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The South Carolina Senate Voted To Electrocute Death Row Inmates If Drugs Aren't Available

The state has not carried out an execution since 2011 primarily due to the lack of lethal injection drugs.

Posted on March 7, 2018, at 4:38 p.m. ET

File photo of an electric chair used by the Virginia Department of Corrections in 2006.
Anonymous / ASSOCIATED PRESS

File photo of an electric chair used by the Virginia Department of Corrections in 2006.

The South Carolina Senate on Tuesday passed a bill 26–12 that allows that state to electrocute inmates even in cases in which the inmates opt for the lethal injection but the drugs aren't available.

Since 1995, death row inmates in South Carolina have had the choice to be executed either by the electric chair or by lethal injections. Inmates opted for the lethal injection which, owing to the shortage of execution drugs, prevented them from being executed. The state has not carried out an execution since 2011 primarily due to the lack of lethal injection drugs.

The new bill proposes that if execution by lethal injection is deemed unavailable by the South Carolina Department of Corrections, "then the manner of inflicting a death sentence must be by electrocution regardless of the method elected by the person."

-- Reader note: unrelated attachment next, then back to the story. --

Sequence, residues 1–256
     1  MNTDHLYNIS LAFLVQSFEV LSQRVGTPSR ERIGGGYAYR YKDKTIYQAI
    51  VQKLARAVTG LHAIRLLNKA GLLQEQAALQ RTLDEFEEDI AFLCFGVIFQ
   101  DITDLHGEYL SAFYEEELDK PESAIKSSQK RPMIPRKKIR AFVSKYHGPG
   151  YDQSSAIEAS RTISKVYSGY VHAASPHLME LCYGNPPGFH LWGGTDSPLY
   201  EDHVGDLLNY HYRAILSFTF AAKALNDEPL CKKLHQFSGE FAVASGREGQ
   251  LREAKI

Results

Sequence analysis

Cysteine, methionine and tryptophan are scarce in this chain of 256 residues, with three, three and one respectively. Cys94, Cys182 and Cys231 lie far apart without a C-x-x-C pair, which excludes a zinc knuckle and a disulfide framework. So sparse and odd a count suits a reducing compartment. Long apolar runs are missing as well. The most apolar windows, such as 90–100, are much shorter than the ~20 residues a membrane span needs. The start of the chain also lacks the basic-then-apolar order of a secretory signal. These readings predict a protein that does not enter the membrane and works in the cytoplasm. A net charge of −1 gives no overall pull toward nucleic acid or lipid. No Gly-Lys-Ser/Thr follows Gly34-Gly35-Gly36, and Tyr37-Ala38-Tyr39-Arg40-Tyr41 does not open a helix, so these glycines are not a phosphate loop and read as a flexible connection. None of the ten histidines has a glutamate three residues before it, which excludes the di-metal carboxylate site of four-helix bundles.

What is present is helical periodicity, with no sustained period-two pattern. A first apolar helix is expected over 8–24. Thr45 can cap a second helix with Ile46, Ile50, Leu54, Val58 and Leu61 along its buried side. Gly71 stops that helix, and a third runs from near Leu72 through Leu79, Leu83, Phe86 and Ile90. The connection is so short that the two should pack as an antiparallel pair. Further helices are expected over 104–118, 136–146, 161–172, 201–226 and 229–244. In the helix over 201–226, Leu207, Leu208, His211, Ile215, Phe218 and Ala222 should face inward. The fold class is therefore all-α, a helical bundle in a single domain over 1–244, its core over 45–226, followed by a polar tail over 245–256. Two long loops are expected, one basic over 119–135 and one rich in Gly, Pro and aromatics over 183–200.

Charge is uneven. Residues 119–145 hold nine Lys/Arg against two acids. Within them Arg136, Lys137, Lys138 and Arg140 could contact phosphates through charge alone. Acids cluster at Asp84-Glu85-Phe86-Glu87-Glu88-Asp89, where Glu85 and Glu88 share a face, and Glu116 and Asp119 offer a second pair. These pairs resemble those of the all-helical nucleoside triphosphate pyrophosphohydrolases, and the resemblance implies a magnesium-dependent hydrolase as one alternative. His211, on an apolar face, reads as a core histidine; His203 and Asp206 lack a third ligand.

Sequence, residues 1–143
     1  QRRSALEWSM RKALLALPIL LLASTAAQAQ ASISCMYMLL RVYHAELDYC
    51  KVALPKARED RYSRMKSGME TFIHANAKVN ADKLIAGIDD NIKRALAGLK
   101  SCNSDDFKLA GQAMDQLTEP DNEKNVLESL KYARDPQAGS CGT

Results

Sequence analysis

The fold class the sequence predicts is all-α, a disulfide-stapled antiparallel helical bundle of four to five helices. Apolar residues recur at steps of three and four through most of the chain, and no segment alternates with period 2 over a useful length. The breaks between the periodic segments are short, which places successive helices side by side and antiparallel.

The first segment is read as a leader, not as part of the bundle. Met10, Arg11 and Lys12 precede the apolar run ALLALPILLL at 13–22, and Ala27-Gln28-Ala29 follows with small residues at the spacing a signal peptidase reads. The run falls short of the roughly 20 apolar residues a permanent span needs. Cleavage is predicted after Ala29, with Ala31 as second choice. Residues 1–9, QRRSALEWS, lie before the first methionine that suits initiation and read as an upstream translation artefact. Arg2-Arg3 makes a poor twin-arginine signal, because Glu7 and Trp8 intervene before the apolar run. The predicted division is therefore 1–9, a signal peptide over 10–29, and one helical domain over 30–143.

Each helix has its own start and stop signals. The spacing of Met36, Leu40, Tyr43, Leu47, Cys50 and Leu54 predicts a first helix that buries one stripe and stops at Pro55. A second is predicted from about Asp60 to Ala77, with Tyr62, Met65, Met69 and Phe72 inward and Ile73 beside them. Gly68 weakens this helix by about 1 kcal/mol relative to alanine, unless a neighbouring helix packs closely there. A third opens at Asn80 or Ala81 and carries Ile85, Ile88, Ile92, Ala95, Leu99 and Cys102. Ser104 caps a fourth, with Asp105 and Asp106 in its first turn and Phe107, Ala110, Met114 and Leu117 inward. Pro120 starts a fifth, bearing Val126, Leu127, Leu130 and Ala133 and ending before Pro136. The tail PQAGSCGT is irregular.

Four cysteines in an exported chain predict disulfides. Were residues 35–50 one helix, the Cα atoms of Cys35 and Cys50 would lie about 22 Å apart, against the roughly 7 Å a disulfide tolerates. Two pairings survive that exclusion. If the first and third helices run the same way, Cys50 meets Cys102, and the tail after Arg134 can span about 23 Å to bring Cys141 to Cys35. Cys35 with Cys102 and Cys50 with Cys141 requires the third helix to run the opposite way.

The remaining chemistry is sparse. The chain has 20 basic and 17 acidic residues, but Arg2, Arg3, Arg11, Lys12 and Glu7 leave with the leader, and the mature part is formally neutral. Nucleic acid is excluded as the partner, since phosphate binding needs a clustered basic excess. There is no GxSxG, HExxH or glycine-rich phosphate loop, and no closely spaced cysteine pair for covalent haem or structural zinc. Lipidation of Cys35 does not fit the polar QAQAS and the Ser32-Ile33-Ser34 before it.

The bill's sponsor, Republican state Sen. William Timmons, said, "The people of South Carolina asked for justice to be served, and it's our responsibility to see that justice is carried out."

The sponsor of the bill, Senator William Timmons from the floor during today's debate: "our society is a society of laws. The people of South Carolina asked for justice to be served, and it's our responsibility to see that justice is carried out." (2/2) https://t.co/D11z6hFcM2

The bill faces one more procedural vote on Wednesday, before being sent to the House, the Associated Press reported.

Only 14 death row inmates have been electrocuted in the US since 2000, according to the Death Penalty Information Center. The most recent electrocution was Robert Gleason's in Virginia in 2013.

Democratic state Sen. Mia McLeod, who opposed the bill, asked Timmons how he reconciled his pro-life stance on abortion with his pro-death penalty position. Timmons responded: "The question is good and evil, innocence and guilt. An unborn child is innocent. A murderer that has committed heinous crimes is guilty." McLeod later took to Twitter to say, "#HeightofHypocrisy."

#HeightofHypocrisy😓 https://t.co/wyJkqI4mwu

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